Sunday, May 25, 2003

Serve it this week: Soft-shell crabs

By Chuck Martin
The Cincinnati Enquirer

The term "soft-shell" describes a growth stage of crabs when the crustaceans shed their shells, or molt, in order to grow larger shells. This means crab lovers can eat everything on the plate, without worrying about cracking and picking over shells. Soft-shell blue crabs, from the East and Gulf coasts, are the species most commonly eaten in the United States.

Buy: Soft-shell blue crabs are available fresh from about May until August, but taste best in May and June. When buying fresh soft-shells, ask fishmonger or store clerk when the crabs arrived. Most stores that sell soft-shells offer them cleaned or "dressed." For the freshest soft-shells, buy fresh crabs and ask the fishmonger to clean them for you. Soft-shells are generally available in three sizes: hotels, primes and jumbos. The price in Greater Cincinnati ranges from about $3 to $4.50 per soft-shell.

Store: Dressed soft-shell crabs can be refrigerated several days before cooking. If you buy live soft-shells, you should clean them as soon as possible and then refrigerate them. Like other fish and seafood, store soft-shells in the coldest part of the refrigerator and use as soon as possible.

Prepare: If you buy live soft-shells, you can clean them yourself by using scissors to snip off the eyes and mouth, then the gills under both sides of the shell. Then turn the crab over and pull off the little apron flap that looks like a "T" on the male crab and a bell on the female. (This is optional, but the apron can be a little chewy.) It's much easier and less squeamish, of course, to ask the fishmonger to clean the soft-shells for you.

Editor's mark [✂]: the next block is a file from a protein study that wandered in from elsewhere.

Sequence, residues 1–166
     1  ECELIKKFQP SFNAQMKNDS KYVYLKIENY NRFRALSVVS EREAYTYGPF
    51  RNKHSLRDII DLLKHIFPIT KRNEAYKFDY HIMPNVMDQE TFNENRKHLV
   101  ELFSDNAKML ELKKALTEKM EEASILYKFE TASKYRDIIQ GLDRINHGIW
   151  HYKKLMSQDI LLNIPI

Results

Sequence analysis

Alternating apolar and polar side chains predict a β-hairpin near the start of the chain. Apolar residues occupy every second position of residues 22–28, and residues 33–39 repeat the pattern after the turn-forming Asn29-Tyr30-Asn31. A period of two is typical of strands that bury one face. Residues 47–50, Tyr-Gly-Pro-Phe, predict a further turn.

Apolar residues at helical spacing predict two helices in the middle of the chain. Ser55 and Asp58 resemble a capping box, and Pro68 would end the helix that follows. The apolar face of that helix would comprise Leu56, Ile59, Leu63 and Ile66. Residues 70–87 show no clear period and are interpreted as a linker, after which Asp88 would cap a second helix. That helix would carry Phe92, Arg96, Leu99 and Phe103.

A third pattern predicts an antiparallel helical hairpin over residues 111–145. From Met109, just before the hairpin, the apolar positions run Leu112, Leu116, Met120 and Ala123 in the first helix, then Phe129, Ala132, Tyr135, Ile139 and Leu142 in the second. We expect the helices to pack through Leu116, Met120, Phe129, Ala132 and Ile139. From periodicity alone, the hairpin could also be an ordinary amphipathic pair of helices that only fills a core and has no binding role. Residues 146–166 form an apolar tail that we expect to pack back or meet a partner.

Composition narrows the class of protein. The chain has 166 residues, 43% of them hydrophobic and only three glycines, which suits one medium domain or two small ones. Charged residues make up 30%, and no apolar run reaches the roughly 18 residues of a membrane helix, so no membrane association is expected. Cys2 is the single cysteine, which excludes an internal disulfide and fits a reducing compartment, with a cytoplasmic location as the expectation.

The preferred way to cook soft-shells is sauteed or grilled, although they can also be stir-fried, deep-fried, roasted or baked. When serving, allow two to three soft-shells for an entree serving, one crab for an appetizer.

Grilled Soft-Shell Crabs with Butter and Hot Sauce

4 to 8 soft-shell crabs, cleaned

1/4 cup butter

Salt to taste

Juice of 1/2 lemon

Hot sauce to taste

Prepare charcoal or gas grill to medium heat. Melt butter and add salt, lemon juice and hot sauce. Grill crabs about 4 inches from heat, turning and brushing with butter sauce frequently. (Don't worry if claw-tips begin to burn.)

Crabs should cook in 6 to 10 minutes. When done, they are bright red and firm. Makes 2 to 4 servings.

Fish (MacMillan; $27.50)

Television networks face reality check
Ads leave audiences grumbling
Chang examines the female experience
Play uses marriage to examine race
DEMALINE: The arts
Protests already scheduled for 'Corpus Christi'
Captivating 'Syringa' does what good drama should do
Peabody Awards finally debut on national TV
God's movie career shifts to screwy comedies
LL Cool J keeping his cool at his grandma's request
Calling out the DJs to help stop hip-hop violence
Get to it!

Unfinished Liszt opens with stunning May Festival debut

Young philanthropist rolling in cookie dough
Collecting bottle caps a snap
Prostate cancer survivor tells all men: Get tested
KENDRICK: Alive & Well

You won't have to fish very far to find fresh crabs
Serve it this week: Soft-shell crabs